COVID-19 numbers in New Haven County have seen an increase in recent weeks, though government officials are still unsure as to how alarmed the increase should make them.
At a Monday press conference with Mayor Justin Elicker, New Haven Director of Health Maritza Bond announced that her office cannot be sure if the city’s rate of new cases has advanced past the moderate category. The remarks came after Elicker announced updated COVID-19 data for the city. According to Elicker, the city has had approximately 3,438 cases and 114 fatalities since the pandemic began. The number of infections has grown at a low but steady rate since new upticks were first recorded in late August.
Bond said the city remains in the “Yellow” category of new daily cases, meaning the Elm City is seeing five to nine new cases per 100,000 people per day. The Yellow category is the second warning level in the city’s COVID rate assessment. But gaps in case data from various city labs have prevented the city from saying with certainty that the city remains at the Yellow level, Bond said.
“When [reporting issues] occur, that causes us to have a lag in being able to report our data, which does not depict an accurate picture of where our cases may be.” Bond said. “For example, [the data] may say we are in the yellow when in reality we are at moderate to high risk.”
The “Orange” level is the step above the Yellow level. It describes a rate of 10 to 14 new cases per 100,000 people a day. According to the New Haven COVID-19 Hub, at the orange level, scaling back public events and keeping at-risk individuals at home would be encouraged. Bond said she could not discount the possibility that this is the current level in the city due to the lack of data.
At the press conference, Bond also listed the labs whose reporting issues she said have limited the city’s ability to precisely monitor the changing rates of COVID-19 infection. These are the Broad Institute Lab, an affiliate of the Yale University Lab system, and the DOCS Urgent Care Lab.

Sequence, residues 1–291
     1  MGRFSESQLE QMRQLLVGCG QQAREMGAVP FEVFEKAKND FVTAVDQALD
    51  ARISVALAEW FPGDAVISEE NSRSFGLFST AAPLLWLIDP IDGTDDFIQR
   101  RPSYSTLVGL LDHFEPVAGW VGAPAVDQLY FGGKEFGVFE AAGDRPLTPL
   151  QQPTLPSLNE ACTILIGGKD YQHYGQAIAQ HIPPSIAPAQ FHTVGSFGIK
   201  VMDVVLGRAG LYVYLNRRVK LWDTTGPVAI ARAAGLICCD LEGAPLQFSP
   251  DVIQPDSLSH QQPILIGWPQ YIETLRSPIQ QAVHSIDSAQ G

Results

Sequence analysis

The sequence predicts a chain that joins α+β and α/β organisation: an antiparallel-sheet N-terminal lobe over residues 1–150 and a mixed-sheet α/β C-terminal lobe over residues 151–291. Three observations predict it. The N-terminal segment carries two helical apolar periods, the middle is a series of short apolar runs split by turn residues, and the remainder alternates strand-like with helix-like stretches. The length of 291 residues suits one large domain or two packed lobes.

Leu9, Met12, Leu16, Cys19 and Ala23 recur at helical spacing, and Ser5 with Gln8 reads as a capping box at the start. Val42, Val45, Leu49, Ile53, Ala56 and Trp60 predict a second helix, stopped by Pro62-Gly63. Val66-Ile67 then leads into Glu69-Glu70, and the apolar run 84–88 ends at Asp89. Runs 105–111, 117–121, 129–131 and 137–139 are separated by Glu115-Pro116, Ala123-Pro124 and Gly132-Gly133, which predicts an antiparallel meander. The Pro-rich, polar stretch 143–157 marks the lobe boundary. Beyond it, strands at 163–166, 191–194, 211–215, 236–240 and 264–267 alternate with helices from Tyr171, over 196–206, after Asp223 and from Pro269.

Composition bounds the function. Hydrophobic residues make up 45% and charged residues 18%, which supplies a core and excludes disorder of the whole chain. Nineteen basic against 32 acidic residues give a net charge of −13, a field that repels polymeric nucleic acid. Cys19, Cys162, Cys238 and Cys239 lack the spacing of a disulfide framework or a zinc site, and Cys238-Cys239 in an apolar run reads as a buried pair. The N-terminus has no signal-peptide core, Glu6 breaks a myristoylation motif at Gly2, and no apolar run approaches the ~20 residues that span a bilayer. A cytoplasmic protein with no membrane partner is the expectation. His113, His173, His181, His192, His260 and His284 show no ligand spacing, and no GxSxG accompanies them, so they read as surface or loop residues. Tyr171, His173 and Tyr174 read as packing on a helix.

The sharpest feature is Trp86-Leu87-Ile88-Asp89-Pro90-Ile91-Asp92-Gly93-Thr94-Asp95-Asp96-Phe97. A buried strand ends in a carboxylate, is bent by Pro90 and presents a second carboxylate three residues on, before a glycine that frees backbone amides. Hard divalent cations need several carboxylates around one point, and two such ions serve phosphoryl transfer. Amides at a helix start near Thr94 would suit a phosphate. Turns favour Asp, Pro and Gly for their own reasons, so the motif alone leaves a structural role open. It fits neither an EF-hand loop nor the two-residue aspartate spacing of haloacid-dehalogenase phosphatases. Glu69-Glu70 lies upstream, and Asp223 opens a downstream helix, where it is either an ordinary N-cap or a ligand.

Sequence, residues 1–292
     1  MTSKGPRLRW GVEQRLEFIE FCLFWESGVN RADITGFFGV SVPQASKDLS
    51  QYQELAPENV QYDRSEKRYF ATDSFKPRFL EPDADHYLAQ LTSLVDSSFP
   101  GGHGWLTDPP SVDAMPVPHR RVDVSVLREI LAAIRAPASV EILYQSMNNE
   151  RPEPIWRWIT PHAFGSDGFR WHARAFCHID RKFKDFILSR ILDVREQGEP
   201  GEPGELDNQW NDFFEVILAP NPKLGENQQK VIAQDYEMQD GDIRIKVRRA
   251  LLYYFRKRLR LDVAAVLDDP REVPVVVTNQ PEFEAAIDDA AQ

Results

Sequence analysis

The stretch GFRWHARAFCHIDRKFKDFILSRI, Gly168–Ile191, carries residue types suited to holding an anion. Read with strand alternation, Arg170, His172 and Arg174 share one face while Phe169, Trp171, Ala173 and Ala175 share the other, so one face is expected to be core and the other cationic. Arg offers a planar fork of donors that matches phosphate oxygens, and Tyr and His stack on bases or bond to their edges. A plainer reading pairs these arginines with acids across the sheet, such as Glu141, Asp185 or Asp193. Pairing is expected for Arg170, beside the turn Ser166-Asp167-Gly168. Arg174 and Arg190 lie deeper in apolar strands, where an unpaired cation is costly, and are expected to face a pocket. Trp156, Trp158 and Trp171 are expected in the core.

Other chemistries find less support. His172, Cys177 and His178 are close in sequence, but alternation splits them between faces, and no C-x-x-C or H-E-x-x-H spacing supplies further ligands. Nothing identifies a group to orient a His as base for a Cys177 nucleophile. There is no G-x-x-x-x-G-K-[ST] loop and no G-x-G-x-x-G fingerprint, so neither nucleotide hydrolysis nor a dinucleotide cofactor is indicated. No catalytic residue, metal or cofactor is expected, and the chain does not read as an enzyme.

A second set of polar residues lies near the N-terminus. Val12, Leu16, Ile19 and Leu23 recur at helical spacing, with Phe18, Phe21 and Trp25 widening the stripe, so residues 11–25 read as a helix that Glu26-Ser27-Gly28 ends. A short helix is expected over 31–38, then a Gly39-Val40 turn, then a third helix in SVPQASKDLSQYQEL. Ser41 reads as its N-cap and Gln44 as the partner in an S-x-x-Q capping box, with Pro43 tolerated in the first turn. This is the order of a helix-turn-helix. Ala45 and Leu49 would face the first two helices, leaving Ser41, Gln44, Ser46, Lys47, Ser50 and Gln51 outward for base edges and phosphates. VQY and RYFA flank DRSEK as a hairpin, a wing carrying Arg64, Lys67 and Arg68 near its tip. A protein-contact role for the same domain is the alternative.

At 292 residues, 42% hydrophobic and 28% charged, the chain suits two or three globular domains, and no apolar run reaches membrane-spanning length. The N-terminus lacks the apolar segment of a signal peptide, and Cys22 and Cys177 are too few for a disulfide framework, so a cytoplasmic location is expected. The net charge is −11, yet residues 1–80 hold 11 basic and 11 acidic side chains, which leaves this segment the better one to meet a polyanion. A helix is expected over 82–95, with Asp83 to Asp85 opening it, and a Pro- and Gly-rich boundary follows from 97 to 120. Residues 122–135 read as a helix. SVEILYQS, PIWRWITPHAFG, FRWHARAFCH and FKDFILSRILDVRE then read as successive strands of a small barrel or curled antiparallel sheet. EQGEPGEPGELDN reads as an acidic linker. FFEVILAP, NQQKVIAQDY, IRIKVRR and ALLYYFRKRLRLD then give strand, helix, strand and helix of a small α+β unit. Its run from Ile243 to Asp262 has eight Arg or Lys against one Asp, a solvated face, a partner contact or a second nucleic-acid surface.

Accuracy limitations within New Haven’s data, Bond added, will continue to affect the CT Department of Health’s ability to issue accurate public health categorizations and warnings for New Haven County.
Both Bond and Elicker took time during their statements to remind New Haven residents of the factors spreading the virus. Elicker said that, similar to other places across the United States, small family and friend gatherings have caused recent outbreaks in New Haven. The mayor attributed the growth in gatherings to the less-cautious manner in which people interact with family members. Bond added that improper mask use and prolonged socialization between coworkers have also played into the city’s most recent infection uptick.
“We’re continuing to see our cases increase in New Haven and the region, and that’s obviously very concerning,” Elicker said at the press conference. “If people do feel the need to see family or friends in small groups they should be doing so outside with masks and continuing to practice social distancing.”
Elicker also mentioned that carpooling is an additional factor in the increasing case numbers in the city and the state. In light of students returning to school, the Board of Education has set strict protocols for how students should get on and off buses and how far away from each other they should sit.
Ward 1 Alder Eli Sabin ’22, who serves on the Health and Human Services Committee with the Board of Alders, said the committee is focusing especially on communicating current health guidelines with business owners and relaying public health updates and expectations to community members through newsletters and social media.
“We need to keep our guard up,” Sabin said. “With cases rising across the state this is not the time to get complacent, and we need to make sure we continue to remind everyone in New Haven to follow all protocols.”
The first positive case of COVID-19 in a New Haven resident was recorded on March 13 of this year.
Thomas Birmingham | email@example.com